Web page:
His ex-wife threw the photo albums down the incinerator. That’s the effect he had on women—he left scars.
They had been so close. They had believed their marriage would last a lifetime. That’s what the photo albums were for—to keep a record, to maintain that sense of personal history, that continuity.
She told him what she had done in a long-distance phone call. She said to keep her sanity she had to obliterate every memory of him and every memory of their life together—every photograph, every image.
After the divorce and after she turned the pictures into ashes she went back to the Catholic Church. Now, in her barren apartment, there were only pictures of Christ.
”THAT POOR GIRL”
He related the story to his mother, with full emphasis on the word incinerated. His mother put on a reflective face. “That poor girl,” she said, “how you must have hurt her. I think I’ll write her a letter.”
Not the reaction he was looking for. He told his girlfriend and she said, “Forget about it. Stop brooding. Make a new life with me and we’ll make new pictures.”
That was the right answer, of course. Accept his loss and get on with a new chapter. Quit sifting through fading memories like a father searching for a lost child, trying to recall every detail of a photograph of his mother visiting their little family one northern winter, or of him and his wife and infant son at Niagara Falls. One picture in particular he loved, of his young son and himself, taken in a photo booth of all places. He could see it in his mind. But he didn’t have it. He didn’t have it.
He never wrote that letter, but on a trip north he took the subway out to the old high-rise and knocked on the door of her apartment. When she opened the door he barged in and condemned her. She stepped back, holding onto a chair for support. She lived alone. She was frail. Her once golden hair was already turning gray.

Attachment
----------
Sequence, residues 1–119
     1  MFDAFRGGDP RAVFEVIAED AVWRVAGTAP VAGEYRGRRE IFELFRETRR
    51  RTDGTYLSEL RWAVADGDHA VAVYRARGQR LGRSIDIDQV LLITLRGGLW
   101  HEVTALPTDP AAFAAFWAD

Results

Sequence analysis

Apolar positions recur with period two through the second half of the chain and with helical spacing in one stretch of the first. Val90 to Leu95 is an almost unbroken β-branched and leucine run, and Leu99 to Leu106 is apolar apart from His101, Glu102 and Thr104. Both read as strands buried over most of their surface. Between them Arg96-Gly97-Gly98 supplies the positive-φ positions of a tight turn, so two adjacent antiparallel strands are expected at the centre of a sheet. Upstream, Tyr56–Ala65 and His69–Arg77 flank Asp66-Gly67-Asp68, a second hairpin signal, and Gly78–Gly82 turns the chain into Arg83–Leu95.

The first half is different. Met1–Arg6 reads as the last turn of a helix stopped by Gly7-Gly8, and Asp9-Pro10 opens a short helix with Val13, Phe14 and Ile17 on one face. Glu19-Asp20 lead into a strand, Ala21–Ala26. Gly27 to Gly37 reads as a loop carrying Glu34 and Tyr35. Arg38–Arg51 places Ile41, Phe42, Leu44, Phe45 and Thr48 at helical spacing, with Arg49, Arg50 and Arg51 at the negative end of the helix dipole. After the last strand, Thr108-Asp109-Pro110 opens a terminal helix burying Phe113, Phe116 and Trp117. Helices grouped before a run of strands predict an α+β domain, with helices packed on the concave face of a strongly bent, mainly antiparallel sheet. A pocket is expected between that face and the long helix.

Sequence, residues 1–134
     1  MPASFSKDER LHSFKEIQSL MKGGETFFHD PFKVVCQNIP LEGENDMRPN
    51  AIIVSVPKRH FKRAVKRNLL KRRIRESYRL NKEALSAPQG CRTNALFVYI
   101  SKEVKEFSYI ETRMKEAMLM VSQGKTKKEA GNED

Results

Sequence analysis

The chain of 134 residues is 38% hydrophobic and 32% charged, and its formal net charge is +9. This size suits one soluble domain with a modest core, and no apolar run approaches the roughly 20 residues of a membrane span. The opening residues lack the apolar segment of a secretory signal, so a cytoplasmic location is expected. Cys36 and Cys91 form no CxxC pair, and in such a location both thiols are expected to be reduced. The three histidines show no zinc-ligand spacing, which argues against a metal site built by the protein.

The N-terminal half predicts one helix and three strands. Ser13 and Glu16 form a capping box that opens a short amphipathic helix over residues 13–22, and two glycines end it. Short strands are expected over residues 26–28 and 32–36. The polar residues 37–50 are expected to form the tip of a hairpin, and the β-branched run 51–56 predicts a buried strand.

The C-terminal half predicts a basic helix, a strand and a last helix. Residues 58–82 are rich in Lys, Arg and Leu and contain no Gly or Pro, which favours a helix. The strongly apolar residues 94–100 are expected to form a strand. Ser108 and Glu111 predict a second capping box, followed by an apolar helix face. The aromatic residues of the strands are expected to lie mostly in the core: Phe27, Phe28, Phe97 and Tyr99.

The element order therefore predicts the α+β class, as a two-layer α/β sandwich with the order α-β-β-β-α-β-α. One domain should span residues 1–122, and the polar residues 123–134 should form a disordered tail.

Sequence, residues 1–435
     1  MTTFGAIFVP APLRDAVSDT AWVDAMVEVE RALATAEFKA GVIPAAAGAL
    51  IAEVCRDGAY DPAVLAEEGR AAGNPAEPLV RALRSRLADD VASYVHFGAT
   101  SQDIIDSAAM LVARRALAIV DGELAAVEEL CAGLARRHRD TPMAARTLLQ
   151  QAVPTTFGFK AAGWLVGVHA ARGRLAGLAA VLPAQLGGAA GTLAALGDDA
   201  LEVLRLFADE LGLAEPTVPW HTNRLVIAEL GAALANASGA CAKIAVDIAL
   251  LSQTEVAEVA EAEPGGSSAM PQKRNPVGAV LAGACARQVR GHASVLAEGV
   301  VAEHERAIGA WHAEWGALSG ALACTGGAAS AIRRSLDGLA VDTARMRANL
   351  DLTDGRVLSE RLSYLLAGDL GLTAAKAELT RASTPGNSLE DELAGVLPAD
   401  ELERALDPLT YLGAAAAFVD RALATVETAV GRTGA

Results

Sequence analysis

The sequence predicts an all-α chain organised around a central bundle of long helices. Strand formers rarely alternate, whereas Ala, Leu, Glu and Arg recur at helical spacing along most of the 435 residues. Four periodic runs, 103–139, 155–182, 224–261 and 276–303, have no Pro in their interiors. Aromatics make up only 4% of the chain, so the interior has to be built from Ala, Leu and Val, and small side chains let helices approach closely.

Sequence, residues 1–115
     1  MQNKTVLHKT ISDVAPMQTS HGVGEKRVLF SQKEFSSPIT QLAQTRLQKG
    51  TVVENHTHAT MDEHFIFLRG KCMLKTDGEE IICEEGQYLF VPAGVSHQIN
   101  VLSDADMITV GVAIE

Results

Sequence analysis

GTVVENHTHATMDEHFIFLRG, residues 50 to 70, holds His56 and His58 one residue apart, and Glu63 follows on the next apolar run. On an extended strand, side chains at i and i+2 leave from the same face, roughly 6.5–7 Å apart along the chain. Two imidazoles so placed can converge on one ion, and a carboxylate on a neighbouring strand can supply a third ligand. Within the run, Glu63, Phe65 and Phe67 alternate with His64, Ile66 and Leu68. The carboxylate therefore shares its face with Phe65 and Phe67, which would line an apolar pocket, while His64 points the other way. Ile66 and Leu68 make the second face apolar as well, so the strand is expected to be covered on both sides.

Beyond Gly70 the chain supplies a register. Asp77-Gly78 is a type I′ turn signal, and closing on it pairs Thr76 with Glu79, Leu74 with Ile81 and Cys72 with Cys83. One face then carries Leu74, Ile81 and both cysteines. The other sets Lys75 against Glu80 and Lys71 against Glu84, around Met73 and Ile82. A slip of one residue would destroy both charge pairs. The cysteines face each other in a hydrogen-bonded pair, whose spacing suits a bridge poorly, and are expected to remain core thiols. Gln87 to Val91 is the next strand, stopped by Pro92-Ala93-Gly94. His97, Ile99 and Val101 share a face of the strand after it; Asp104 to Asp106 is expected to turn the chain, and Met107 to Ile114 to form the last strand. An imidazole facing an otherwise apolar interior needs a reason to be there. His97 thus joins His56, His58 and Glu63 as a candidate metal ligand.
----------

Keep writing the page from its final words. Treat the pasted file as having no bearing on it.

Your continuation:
He gave her a sob story about how one day he would have made his own albums with those photos, and he would have had them when he was old and alone inside a small house, listening to the rain on the roof, turning the pages, studying the photographs as though each was an important piece of history.
His ex-wife turned toward a picture of Christ on the wall. From behind it she removed a small photograph and handed it to him. It was the picture of his son and himself, the one snapped in a photo booth.
“I was keeping this blessed,” she said. “But you take it. There’s only this one I’m afraid.”
She stood there in that same apartment with the same furniture they had picked out together, now draped with covers to hide the wear and tear of the years and he saw her pain. And he thought he understood her strange act of hiding that one photograph—that solitary souvenir of lost love—in a special place.
The bitterness left him. Tentatively, he put his arms around her. He remembered how much they had once meant to each other. Ever so slightly, she put her arms around him. She remembered too, he could feel it. There was a moment in that embrace when he believed they could have started over and the five years of bitterness could have been five minutes. But they broke apart.
He told her to put the photo back, that he would rather have it there than kicking around in his overnight bag, a vagabond like him.
He wasn’t a religious man, but it felt right for that photograph, that lone survivor, to be in that place. That’s what he wanted and that’s what he asked her to do, and, while she re-adjusted the picture of Christ, he slipped out the door.